The Gramsci Monument is the fourth and final of Hirschhorn’s monuments; others for Spinoza, Bataille, and Deleuze appeared, for the most part, in the philosophers’ home countries, but apart from “official sites.” Gramsci gets stuck in the U.S., but he, too, is removed from its cultural capitals and finds himself situated in the Bronx. As Foster explains, “the radical status of the guest philosopher is matched by the minor status of the host community, and the encounter suggests a temporary refunctioning of the monument from a univocal structure that obscures antagonisms (philosophical and political, social and economic) to a counter hegemonic archive that might be used to articulate such differences” (9). More broadly, Hirschhorn “wants to expose different audiences to alternative archives of public culture, and to charge this relationship with affect” — with a mix of “love” and “politics,” as proclaimed on the basketball hoops pictured at the top of this post (7). “Hirschhorn applies these mixed means to incite his audience to (re)invest in radical practices of art, literature and philosophy — to produce a cultural cathexis based not on official taste, vanguard literacy, or critical correctness, but on political use-value driven by artistic love-value” (10).
As much as I admire the mission, I just can’t help but read condescension in the rhetoric. I can’t get over that reference to the local population’s “minor status.” I can’t help but wonder if the Times‘s Ken Johnson is right: if the Gramsci Monument is just “another monument to [Hirschhorn’s] monumental ego.” Yet in reading through the Monument’s extraordinarily text-heavy poster-size program, I found that Hirschhorn explains his relationship to the community in terms that are a bit less patronizing and actually rather redeeming:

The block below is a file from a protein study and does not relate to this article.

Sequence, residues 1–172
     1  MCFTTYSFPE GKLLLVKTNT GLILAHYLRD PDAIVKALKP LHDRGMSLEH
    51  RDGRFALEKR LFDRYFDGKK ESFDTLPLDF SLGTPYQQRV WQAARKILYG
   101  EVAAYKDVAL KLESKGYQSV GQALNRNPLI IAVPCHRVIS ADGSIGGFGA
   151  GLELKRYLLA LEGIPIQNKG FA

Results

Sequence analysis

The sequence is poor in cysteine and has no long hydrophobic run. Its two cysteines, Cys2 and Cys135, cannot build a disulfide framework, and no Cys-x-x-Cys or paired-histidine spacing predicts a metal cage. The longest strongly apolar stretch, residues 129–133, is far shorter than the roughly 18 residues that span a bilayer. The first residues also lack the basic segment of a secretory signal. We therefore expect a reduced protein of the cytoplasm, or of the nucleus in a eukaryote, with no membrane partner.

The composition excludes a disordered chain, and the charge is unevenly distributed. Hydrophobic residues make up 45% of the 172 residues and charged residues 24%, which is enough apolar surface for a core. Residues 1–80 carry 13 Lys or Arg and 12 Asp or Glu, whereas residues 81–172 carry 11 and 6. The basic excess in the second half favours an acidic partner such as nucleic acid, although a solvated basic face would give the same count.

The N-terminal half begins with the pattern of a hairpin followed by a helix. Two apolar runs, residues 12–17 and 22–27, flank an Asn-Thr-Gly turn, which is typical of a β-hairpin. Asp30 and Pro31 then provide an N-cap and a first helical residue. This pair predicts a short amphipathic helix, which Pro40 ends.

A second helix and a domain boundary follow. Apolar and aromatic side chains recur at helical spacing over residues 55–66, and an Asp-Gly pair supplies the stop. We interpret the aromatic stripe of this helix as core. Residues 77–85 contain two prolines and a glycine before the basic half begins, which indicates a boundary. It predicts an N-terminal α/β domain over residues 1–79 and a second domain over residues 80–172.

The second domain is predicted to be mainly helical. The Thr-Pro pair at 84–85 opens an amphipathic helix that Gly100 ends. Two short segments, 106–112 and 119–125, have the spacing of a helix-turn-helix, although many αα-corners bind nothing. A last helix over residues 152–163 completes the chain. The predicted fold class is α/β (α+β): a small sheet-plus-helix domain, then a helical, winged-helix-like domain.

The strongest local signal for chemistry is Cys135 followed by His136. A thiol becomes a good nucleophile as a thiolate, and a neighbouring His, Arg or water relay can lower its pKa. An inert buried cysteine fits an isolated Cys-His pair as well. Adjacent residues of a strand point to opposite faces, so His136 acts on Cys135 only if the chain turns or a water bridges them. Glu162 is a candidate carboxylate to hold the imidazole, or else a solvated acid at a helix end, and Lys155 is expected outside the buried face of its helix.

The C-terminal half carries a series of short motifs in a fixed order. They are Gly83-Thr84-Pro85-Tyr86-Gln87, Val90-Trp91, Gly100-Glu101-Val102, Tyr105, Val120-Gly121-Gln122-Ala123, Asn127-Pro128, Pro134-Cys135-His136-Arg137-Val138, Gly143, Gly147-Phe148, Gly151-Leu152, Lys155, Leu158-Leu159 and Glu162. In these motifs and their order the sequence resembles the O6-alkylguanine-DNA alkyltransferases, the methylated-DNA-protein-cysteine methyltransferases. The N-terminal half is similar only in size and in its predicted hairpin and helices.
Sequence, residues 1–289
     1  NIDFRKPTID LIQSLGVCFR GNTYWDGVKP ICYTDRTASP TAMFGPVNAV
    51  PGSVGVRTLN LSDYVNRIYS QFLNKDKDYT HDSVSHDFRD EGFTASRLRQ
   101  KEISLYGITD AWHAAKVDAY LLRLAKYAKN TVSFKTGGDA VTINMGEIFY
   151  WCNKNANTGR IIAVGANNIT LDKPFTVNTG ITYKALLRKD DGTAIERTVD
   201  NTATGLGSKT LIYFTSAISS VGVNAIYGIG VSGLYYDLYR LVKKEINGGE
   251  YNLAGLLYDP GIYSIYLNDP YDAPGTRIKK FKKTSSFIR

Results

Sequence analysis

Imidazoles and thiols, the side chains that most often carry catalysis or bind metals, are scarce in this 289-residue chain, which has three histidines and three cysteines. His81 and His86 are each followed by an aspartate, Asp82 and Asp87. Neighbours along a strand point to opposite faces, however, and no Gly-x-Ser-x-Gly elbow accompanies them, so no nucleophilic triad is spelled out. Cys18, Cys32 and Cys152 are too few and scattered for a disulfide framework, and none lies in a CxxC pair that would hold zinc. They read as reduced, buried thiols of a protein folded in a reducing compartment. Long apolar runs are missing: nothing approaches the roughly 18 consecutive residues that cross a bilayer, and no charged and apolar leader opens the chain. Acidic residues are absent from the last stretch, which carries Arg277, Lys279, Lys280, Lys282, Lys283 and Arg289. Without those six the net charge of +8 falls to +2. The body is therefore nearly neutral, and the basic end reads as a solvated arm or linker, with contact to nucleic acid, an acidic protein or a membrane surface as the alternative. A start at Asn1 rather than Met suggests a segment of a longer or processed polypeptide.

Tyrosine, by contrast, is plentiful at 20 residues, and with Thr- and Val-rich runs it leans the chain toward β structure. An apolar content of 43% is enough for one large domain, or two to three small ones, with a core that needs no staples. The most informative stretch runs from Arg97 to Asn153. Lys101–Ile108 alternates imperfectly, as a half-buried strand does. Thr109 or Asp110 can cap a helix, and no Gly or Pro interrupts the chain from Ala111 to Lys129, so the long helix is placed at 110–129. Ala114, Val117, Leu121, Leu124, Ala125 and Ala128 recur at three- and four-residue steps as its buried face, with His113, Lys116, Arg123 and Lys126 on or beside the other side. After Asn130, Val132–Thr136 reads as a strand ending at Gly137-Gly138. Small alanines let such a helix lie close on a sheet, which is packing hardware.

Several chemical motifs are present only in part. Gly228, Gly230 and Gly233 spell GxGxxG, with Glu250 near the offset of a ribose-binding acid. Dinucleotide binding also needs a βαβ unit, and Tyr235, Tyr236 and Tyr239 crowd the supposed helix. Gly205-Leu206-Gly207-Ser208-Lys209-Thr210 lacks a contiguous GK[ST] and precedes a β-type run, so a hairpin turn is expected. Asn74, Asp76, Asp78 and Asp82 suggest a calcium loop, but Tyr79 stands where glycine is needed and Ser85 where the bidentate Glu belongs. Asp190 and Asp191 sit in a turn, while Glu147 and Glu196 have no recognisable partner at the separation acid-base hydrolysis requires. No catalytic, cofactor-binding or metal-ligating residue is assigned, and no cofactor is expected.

I never use the term ‘participatory art’ in referring to my work, because someone looking at an Ingres painting, for instance, is participating, even without anyone noticing. I never use the terms ‘educational art’ or ‘community art,’ and my work has never had anything to do with ‘relational aesthetics.’ The Other has no specific ties with aesthetics. To address a ‘non-exclusive’ audience means to face reality, failure, unsuccessfulnesss, the cruelty of disinterest, and the incommensurability of a complex situation. Participation cannot be a goal, participation cannot be an aim, participation can only be a lucky outcome.